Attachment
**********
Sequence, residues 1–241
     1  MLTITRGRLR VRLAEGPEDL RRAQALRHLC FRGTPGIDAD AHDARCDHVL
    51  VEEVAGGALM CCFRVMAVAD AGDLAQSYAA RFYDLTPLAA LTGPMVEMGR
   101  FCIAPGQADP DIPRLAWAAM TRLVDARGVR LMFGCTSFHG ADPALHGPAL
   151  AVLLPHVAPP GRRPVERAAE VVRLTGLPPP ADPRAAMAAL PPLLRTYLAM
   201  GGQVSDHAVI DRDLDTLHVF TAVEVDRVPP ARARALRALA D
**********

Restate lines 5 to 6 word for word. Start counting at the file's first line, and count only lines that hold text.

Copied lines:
   151  AVLLPHVAPP GRRPVERAAE VVRLTGLPPP ADPRAAMAAL PPLLRTYLAM
   201  GGQVSDHAVI DRDLDTLHVF TAVEVDRVPP ARARALRALA D